On a press junket promoting her newest film, Jamie Lee Curtis stopped by The Today Show and talked with Hoda Kotb about her experience with addiction.
One of the most vocal celebrities and faces of the recovery community, Curtis graced the cover of the annual recovery issue of Variety Magazine, hoping to reach people who might see a piece of themselves in her story and choose to get help.
Despite stereotypes of “junkies” or “addicts”, many struggling with addiction appear to be functioning or thriving in everyday life.
It’s the neighbor down the street in the nicest house on the block, the student putting herself through college, and the grandmother who cares for her grandbabies. It may be the man who is struggling to pay rent, the girl who works two jobs because she lost her full-time gig or the top CEO of an organization.
There is no one picture of addiction. And while the symptoms and consequences play out differently across socioeconomic and demographic factors, the inner truth is the same.
Addiction has a sly way of convincing you that you’ve got everything under control, that this is the way you handle the world, and that the problem can’t be “that bad” if you aren’t minutes from death.
But the façade doesn’t hold up. Even if the coping mechanism seems to do the trick, it’s only ever a maladaptive and short-term fix. There is always a cost. It might not be to your livelihood or appearance or something visible to others, but the mental and physical turmoil, struggles in relationships, and unavoidable issues mean no one can escape the ugly parts of addiction.
A common phrase in the recovery community, this stands the test of time.
While it can feel necessary to keep some things close to the chest, when it comes to addiction, secrets keep you sick, stuck, and secluded.
It is inherently disconnecting to have behaviors and actions that don’t align with your values, your identity, and your life. The cognitive dissonance of trying to maintain an addiction but live as if it wasn’t there is unsustainable. Eventually, we begin to step further and further into the addiction, finding reasons to stop the friction by normalizing and defending destructive tendencies.
Especially in recovery, honesty and openness is the only way to truly move forward and utilize support. It may feel vulnerable and shameful to bear it all. But the more that we speak, the more likely we can affirm ourselves and get assistance to stay the course. Or, access what we are looking for, rather than turning back to the addiction.
If you feel bad about keeping something hidden, it’s likely because deep down you know that is not aligned with who you want to be, and it’s not moving you towards your goals. Owning up and opening up is freeing, removing the shadow of secrecy and allowing space for healing.
Curtis mentions in her interview that she worried she would lose work when she told people about her addiction and received help in the 1990s. Yet she continues to have an acting career today.
While we may not all be as lucky as the Hollywood star, it is worth noting that the fears, doubts, and reasons we have for putting off recovery are often products of anxiety.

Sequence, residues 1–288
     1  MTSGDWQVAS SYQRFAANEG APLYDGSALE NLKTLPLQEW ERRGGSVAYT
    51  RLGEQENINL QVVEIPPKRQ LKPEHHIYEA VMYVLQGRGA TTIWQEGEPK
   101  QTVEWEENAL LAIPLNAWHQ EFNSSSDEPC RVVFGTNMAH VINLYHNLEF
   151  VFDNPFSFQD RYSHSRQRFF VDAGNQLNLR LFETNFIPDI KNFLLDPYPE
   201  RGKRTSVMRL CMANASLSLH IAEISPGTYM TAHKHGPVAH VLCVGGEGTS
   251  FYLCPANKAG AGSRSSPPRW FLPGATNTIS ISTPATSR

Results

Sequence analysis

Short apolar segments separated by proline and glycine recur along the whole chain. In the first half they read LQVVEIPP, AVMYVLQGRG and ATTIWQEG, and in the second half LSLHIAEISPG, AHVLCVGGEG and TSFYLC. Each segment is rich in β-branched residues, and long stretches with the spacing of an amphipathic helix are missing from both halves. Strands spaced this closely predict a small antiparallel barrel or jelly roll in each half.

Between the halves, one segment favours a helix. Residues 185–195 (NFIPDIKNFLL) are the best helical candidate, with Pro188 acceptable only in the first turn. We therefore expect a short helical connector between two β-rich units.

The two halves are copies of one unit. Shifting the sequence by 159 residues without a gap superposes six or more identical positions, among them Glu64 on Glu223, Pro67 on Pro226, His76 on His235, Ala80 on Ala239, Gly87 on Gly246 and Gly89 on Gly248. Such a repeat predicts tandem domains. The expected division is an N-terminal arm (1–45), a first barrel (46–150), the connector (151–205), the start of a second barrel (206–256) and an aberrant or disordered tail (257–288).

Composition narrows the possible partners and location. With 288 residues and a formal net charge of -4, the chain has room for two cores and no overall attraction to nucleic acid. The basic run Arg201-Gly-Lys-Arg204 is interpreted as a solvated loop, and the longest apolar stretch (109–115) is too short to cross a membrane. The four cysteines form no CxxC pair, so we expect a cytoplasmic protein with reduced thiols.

Our brains, to protect us and in an, albeit misguided, attempt to maintain the homeostasis of addiction, give us worst-case scenarios, “what ifs”, and reasons to stay put.
Recognize the real consequences that may emerge from addressing your addiction. Work, family, social, and internal life as you know it may be turned upside down. But the loss of a job is manageable, relationships can be rebuilt, and an identity outside of addiction will prove to be stronger than the one you’ve left behind. There are remedies to these concerns and problems, but there is no resolution without recovery.
We acknowledge the real pros and cons of seeking treatment and moving on from addiction. We sit with that fear and worry.
And we still take action, knowing that it is worth it.
The job, the neighbors, the reputation don’t mean anything anyway if addiction takes your life.
Even for Curtis, proudly in sobriety for years, choosing recovery is a day-by-day decision.
While your resolve may improve over time, strengthened by a commitment to family, health, and new ways of coping, this journey is not without temptations.
In the cycle, there will be stressful days or times of struggle that might bring those urges bubbling up to the surface in ways you thought had vanished.
Or, perhaps things are going well, and you start to relax into the routine, feeling you don’t need to worry any longer and becoming blasé about attending appointments or support groups.
While addiction no longer rules your life, recovery has to lead it. This means acknowledging that you are at risk and that it is your responsibility and ability to stay on the path. Confidence and assurance comes from setting yourself up for the best chance of success, by using the tools and resources, and deciding anew each day that your actions will be focused toward a life without addiction.
Reading an article about addiction pushed Jamie Lee Curtis to acknowledge and treat her addiction. This is your sign. We know you have questions, worries, and doubts. Steps Recovery Centers is at the ready to answer and help you along the way, with evidence-based treatment and a compassionate approach. Call today and take the first step: 385-250-1701.